5. The Preacher's Household: says:

    Absolutely true. For us parents, James Dobson wrote a book and has recently updated it called ‘Hide & Seek’ about self esteem in children. He makes this point about the inside and out.

    Don, we love Shrek. It is true ugly is in. Too bad it is rated PG.


  6. TREY MORGAN says:

    Don – Shrek was an excellent movie to disbunk this belief. Excellent thought!

    James – Good book

  7. Neva says:

    I have always loved the passage that says while we were still sinners, He died for us—I know that is when I was at my ugliest. It would be like someone seeing us when we are awkward, obnoxious, acneed and fourteen (when we think we know it all. :) and deciding right then and there that we were the girl or guy of their dreams. Pretty cool that God’s definition of ugly is so different from ours.


  8. Baptist Man says:

    Good post Trey. It’s absolutely true. I have one question though: How can you be against the underlying theme of these stories and not be against the stories themselves? It seems to me that a choice has to be made.

    It’s kind of like saying, “I’m against the fat content of a Snickers bar, but I’m not against the Snickers bar itself.”

    It really comes down to this: would it be better for your kids to hear those stories or not? Enjoyment with dad at a young age is nice, but twisted morals as an adult is a pretty steep price.

  9. The Preacher's Household: says:

    I had a friend who hated the Little Mermaid because she thought it taught that your value was in being beautiful and having a good talent.

    I think there are a lot of underlying themes in the stories we tell our kids. It makes a great time for discussion. Also, have you ever tried to explain how David could still have a heart for God after Bathsheba, or the suicidal pigs, or how Abraham was willing to kill the son he waited so long for, or… The Bible is full of stories that we need to know the ending or the rest of the story for and we need to discuss with our kids.

  10. TREY MORGAN says:

    Kathy … good point. I think it creates a good time to teach too. Good thoughts.

  11. Monalea says:

    Ya’ know, I was told these stories as a small child; 3 Little pigs, Cinderella, Red Riding Hood etc. and I don’t think I ever came to a crossroad and thought….”I wonder what Sleeping Beauty would do.” Maybe that’s my problem today????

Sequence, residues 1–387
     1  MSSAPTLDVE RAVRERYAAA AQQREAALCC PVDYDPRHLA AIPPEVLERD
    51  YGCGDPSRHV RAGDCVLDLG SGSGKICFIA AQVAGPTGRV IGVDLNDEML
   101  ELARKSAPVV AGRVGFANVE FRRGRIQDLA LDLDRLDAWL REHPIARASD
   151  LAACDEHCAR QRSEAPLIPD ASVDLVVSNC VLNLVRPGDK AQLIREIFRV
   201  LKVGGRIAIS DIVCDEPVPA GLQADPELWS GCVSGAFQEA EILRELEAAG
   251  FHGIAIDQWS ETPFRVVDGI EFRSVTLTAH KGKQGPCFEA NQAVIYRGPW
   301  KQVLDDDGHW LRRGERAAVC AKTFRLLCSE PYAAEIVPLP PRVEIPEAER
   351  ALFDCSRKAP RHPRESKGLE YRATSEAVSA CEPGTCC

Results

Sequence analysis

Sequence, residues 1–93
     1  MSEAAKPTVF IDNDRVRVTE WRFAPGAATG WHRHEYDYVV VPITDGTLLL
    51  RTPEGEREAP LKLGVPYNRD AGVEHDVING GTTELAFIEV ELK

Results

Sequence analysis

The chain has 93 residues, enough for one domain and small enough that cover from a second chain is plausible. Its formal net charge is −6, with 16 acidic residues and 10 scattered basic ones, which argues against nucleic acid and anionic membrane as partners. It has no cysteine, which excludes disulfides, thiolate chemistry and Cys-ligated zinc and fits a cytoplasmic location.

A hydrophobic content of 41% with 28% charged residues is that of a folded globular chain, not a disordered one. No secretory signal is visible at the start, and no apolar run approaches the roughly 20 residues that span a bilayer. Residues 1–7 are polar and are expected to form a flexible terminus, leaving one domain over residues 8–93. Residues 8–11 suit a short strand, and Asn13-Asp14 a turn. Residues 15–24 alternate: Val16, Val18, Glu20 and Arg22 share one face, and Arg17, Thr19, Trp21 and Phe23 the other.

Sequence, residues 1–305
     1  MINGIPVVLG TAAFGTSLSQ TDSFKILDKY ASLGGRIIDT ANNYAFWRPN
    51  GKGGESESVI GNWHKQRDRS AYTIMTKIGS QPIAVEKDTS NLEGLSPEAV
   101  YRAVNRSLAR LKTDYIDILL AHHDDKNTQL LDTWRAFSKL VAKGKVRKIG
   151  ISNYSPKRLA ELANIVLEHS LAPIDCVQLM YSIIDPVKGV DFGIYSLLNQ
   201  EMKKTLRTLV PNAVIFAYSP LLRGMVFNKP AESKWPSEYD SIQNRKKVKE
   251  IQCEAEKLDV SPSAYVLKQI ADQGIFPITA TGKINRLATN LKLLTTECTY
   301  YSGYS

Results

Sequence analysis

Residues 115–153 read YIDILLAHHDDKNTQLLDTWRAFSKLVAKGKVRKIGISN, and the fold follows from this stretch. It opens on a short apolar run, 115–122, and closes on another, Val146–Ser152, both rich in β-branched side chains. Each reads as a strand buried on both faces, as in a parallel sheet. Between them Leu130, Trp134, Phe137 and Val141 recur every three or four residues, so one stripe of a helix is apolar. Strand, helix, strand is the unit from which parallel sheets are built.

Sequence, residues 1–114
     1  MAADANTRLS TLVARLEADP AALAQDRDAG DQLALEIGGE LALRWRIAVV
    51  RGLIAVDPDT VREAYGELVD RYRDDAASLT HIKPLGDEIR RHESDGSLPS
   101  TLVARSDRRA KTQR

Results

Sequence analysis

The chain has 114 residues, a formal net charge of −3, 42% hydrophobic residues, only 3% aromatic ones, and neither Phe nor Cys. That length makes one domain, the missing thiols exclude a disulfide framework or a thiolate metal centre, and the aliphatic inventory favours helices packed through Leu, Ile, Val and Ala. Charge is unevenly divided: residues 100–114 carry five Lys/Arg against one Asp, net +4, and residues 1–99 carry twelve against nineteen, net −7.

12. TREY MORGAN says:

    Maybe we need to get some braclets that have WWSBD. “What Would Sleeping Beauty Do?”

  13. That Girl says:

    I was always taught that “pretty is as pretty does”. If you don’t “do” pretty, you’ll never really be pretty. That’s why the evil step sisters were ugly… they were mean to the nice girl.

  14. The Preacher's Household: says:

    I was always taught and I teach my girls, “pretty is as pretty does.”
    I teach the ugly side as well, “ugly is as ugly does”. And I have been known to change it to “boring is as boring does” and “stupid is as stupid does” (sorry I used the bad word), and ….

    BTW, Trey, I posted a cartoon just for you. I was going to post another one, but I found this one first. I am going to post that one soon – it really did remind me of you.
    Maybe Lisa could do a survey on what storybook character are you most like?

  15. TREY MORGAN says:

    I hope y’all (Texan word) don’t think I don’t like children’s book.

About Me

Trey Morgan Here are my thoughts about marriage, family, raising children, humor, faith and the life God intended for us all. I am a Christian husband and father, who moonlights as the minister for the church of Christ in Childress, Texas. My wife Lea and I have been married for 25 years. We are doing our best to raise our 4 boys, who are all growing up way too fast.

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Trey Morgan
Husband, father and cancer survivor & Senior Minister for the Childress Church of Christ. Tweets about life, marriage, Texas Rangers and randomness.